Annie Deitz, Campus Carrier managing editor

For the last week and a half, the Carrier has had a running survey asking Berry students and employees to give their feedback on a number of ideas related to freedom of speech, hate speech and speech related policy on campus. The poll received 224 responses, with 63.8% of those being from students, 20.1% being from faculty and 16.1% from staff.

The results of this survey come as the Berry administration is developing an updated policy for the college community. The updated policy aims to specify and rectify ambiguity in current codes of conduct for Berry students and employees. The policy is being reviewed and developed by the Presidential Advisory Committee on diversity, equity and inclusion related matters, specifically under the Policies Related to Speech and Behavior subcommittee. For more information on the work of that committee, as well as what it plans to do, read the previous two parts of this series, printed on Apr. 1 and Apr. 8 in the Carrier. 

The survey asked Berry community members to express their opinions on a number of issues related to free speech and hate speech, some related specifically to speech on Berry’s campus and some more general questions about the concept of speech. The survey was specifically opinion based, aimed at eliciting the overall viewpoints of the community rather than proving something to be common. 

The survey began with a number of questions related to respondent opinion on speech issues in general. On a scale of strongly disagree to strongly agree, 49% of the 224 survey respondents marked that they strongly agreed with the statement “freedom of speech is an inalienable right.” 25% of respondents agreed, 17% were neutral, 2% disagreed and one respondent strongly disagreed. 47% of respondents strongly agreed and 37% agreed with the statement that “colleges and universities in the United States must protect free speech as expressed by the First Amendment,” with others noting neutrality, disagreeing and strongly disagreeing. In response to the statement “the First Amendment does not protect hate speech,” approximately 37% of respondents strongly agreed, 27% of respondents agreed, 21% of respondents were neutral, 10% of respondents were neutral and 4% strongly disagreed. 

The following sections discussed speech related issues as they specifically pertain to Berry and campus life. Results from those questions are detailed below.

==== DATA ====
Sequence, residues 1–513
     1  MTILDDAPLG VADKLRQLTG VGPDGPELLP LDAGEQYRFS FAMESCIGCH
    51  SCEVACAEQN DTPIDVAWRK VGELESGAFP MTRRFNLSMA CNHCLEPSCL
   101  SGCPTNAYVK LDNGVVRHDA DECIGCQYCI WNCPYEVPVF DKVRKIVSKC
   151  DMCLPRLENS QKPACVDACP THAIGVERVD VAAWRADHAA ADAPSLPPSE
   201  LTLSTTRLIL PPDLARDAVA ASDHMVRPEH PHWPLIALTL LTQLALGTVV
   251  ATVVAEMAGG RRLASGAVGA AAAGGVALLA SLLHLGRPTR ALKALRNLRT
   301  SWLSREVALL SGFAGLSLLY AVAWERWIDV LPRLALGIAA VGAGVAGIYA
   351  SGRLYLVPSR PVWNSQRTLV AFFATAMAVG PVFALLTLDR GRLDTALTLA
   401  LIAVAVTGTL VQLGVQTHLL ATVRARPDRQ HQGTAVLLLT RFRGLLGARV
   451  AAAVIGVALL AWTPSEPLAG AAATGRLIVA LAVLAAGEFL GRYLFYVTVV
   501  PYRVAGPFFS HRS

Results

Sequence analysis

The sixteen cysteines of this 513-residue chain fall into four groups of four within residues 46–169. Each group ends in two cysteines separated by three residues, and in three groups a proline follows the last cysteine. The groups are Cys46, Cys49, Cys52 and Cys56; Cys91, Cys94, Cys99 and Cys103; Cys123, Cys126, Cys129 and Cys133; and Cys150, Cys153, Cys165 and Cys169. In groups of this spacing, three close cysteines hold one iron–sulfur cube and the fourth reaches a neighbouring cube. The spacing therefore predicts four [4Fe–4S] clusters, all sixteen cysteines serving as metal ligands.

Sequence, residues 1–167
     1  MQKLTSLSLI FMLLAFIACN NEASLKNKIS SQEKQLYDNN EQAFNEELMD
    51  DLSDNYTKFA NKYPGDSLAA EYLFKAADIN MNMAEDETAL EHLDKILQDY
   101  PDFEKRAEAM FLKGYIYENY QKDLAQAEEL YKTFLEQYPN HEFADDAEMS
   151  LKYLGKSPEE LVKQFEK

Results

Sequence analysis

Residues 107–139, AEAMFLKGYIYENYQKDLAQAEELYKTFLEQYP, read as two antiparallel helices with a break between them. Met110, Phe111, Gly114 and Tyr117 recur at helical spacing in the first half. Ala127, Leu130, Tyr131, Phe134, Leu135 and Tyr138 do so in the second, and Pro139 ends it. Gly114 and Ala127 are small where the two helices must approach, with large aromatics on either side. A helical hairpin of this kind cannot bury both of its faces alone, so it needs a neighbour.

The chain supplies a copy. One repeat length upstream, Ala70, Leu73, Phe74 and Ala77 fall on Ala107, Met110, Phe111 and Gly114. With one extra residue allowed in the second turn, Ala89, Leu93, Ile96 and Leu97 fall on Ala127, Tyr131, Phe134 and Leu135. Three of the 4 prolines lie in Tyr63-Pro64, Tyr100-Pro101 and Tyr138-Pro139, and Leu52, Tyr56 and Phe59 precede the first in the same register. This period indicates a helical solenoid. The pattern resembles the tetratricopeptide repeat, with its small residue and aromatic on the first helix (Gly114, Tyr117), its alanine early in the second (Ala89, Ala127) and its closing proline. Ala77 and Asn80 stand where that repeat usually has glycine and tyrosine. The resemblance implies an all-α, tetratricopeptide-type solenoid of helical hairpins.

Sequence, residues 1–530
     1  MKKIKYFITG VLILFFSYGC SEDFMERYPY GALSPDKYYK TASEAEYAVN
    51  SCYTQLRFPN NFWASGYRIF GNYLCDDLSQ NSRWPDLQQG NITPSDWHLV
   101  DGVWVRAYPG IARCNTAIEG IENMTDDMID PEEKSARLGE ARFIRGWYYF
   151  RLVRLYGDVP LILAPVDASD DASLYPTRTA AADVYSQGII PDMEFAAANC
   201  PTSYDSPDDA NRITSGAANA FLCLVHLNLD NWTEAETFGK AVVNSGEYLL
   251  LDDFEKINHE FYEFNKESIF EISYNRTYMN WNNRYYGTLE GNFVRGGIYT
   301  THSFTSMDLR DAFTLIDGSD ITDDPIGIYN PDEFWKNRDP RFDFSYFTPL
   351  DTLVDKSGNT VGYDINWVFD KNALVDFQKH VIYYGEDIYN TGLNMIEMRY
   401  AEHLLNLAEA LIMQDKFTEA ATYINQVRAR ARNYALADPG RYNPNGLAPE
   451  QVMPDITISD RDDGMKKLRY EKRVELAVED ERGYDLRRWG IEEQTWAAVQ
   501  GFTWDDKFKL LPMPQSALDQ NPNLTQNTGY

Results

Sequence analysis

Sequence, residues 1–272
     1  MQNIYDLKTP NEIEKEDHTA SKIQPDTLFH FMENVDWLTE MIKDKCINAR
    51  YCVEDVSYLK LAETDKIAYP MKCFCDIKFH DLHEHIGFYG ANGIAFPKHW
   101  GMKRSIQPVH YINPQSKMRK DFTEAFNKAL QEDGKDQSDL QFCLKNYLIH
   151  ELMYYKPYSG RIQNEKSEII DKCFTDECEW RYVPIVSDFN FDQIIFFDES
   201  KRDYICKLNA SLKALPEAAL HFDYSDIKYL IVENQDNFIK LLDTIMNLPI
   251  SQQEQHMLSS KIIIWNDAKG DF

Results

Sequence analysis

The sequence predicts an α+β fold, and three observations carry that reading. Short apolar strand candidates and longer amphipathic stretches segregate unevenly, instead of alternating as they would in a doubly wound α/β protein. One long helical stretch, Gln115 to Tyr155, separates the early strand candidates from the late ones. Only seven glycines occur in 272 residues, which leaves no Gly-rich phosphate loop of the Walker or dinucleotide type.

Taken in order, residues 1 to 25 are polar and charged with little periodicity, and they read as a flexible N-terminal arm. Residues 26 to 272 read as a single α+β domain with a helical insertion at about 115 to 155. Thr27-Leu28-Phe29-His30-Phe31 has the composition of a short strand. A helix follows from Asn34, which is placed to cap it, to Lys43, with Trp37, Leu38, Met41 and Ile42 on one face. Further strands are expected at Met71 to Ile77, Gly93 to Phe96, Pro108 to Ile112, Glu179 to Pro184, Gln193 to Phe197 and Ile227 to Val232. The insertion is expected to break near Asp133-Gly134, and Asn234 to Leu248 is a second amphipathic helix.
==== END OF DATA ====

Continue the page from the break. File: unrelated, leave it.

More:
Respondents were asked to rank the extent to which they agreed with a number of statements, on a scale of strongly agree to strongly disagree. Respondents answered questions about their opinions related to the current Berry environment.
Respondents were asked to rank the extent to which they agreed with a number of statements, on a scale of strongly agree to strongly disagree. Respondents answered questions related to their experience with speech in the campus community.
Several questions in the survey asked respondents to share on their identity and experiences at Berry, specifically as their identity and experiences relate to speech issues. Respondents were asked where they most closely identify on the political spectrum, including the far left, center left, center, center right and far right. A plurality of respondents identify in the center of the political spectrum.
Several questions in the survey asked respondents to share on their identity and experiences at Berry, specifically as their identity and experiences relate to speech issues. Respondents were asked if they had witnessed or heard something they would consider to fall under the umbrella of “hate speech” on Berry’s campus. 65.3% of respondents said they had at least one time.
Several questions in the survey asked respondents to share on their identity and experiences at Berry, specifically as their identity and experiences relate to speech issues. Respondents were also asked if they had ever felt as if their freedom of speech was limited on Berry’s campus. 60.7% of respondents said they had at least one time.

Posted by Campus Carrier

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